Today: Toshiba 32nm Toggle NAND, Tomorrow: IMFT 25nm

The Vertex 3 Pro sample I received is a drive rated at 200GB with 256GB of NAND on-board. The SF-2682 controller is still an 8-channel architecture and OCZ populates all 8 channels with a total of 16 NAND devices. OCZ selected Toshiba 32nm Toggle Mode MLC NAND for these early Vertex 3 Pro samples however final shipping versions might transition to IMFT 25nm. The consumer version (Vertex 3) will use IMFT 25nm for sure.

Each of the 16 NAND devices on board is 16GB in size. Each package is made up of four die (4GB a piece) and two planes per die (2GB per plane). Page sizes have changed. The older 34nm Intel NAND used a 4KB page size and a 1MB block size. For Toshiba's 32nm Toggle NAND pages are now 8KB and block size remains unchanged. The move to 25nm will finally double block size as well.

Remember from our earlier description of SandForce's architecture that its data redundancy requires a single die's worth of capacity. In this case 4GB of the 256GB of NAND is reserved for data parity and the remaining 66GB is used for block replacement (either cleaning or bad block replacement). The 200GB drive has a 186GB formatted capacity in Windows.

This is a drive with an enterprise focus so the 27.2% spare area is not unusual. You can expect the consumer versions to set aside less spare area, likely at little impact to performance.


The 0.09F supercap, a feature of the enterprise level SF-2500 controller. This won't be present on the client Vertex 3.

The Vertex 3 Pro is still at least a month or two away from shipping so pricing could change, but right now OCZ is estimating sales at between $3.75 and $5.25 per GB. The client focused Vertex 3 will be significantly cheaper - I'd estimate somewhere north (but within range) of what you can currently buy Vertex 2 drives for.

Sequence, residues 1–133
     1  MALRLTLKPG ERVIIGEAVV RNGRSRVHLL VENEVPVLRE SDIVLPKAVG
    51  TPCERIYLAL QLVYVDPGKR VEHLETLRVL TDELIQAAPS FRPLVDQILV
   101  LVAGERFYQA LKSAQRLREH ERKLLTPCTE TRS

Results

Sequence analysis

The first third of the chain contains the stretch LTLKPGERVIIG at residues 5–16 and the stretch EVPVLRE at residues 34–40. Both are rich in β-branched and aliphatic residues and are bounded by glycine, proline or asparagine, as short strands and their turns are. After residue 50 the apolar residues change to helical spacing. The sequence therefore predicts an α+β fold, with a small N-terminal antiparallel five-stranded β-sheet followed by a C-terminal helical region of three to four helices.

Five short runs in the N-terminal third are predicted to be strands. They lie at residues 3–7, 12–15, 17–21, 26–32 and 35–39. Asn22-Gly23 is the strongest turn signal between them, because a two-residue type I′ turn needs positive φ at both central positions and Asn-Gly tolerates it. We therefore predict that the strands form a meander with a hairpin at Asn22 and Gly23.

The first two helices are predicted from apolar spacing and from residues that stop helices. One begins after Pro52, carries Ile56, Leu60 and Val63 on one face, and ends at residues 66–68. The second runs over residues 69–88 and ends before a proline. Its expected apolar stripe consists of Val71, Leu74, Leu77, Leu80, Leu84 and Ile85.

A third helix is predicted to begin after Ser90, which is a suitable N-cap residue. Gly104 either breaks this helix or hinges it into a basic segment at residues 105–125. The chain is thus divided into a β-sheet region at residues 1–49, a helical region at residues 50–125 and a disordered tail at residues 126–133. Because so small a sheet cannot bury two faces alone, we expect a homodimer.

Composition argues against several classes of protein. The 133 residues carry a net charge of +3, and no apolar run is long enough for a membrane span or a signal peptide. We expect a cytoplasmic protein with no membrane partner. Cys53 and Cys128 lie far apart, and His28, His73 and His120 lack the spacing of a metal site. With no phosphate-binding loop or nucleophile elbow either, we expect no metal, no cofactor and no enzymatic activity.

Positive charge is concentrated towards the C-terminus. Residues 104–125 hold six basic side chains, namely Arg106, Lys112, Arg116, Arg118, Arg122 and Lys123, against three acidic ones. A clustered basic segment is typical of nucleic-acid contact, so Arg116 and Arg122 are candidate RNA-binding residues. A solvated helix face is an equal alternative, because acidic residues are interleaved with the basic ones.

OCZ Vertex 3 Pro Pricing
  100GB 200GB 400GB
MSRP $525.00 $775.00 $1350.00
Cost per GB $5.35/GB $3.875/GB $3.375/GB

Both the Vertex 3 and Vertex 3 Pro are expected to be available as early as March, however as always I'd be cautious in jumping on a brand new controller with brand new firmware without giving both some time to mature.

The Unmentionables: NAND Mortality Rate Random Read/Write Speed
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  • Aitam - Monday, February 21, 2011 - link

    I know it would bring the load to the CPU rather than the controller, but I wonder if using it on other drives could bring similar results in terms of increased speed or reduced writing overhead... Reply
  • bhougha10 - Wednesday, February 23, 2011 - link

    Ok, Anand, enough is enough. I know you know when the G3 is going to be here. Please spill it. Do I want to wait any longer, or is it futile? Reply
  • MarcHFR - Thursday, February 24, 2011 - link

    Dear all, Dear Anand,

    I think it's important to note that AnandTech Storage Bench, like PC Mark Vantage HDD, represent a "best case" for SandForce based SSD.

    These benchmarks are based on logs which have recorded accesses to be repeated, but not the data contained in these accesses. These means that the data used in the benchmark may well be highly compressible, which isn’t necessarily the case in real usage.
    Reply
  • Hrel - Saturday, March 12, 2011 - link

    500 bucks for a 100GB drive?! Are you FUCKING KIDDING ME?!

    that's LITERALLY 10 times more expensive than it's worth...

    I simply do not understand this; who besides Bill Gates and Warren Buffet would buy this crap? No I take that back, both those guys are smart enough to turn down such an offensive value proposition. So I repeat, WHO WOULD BUY THIS?!
    Reply

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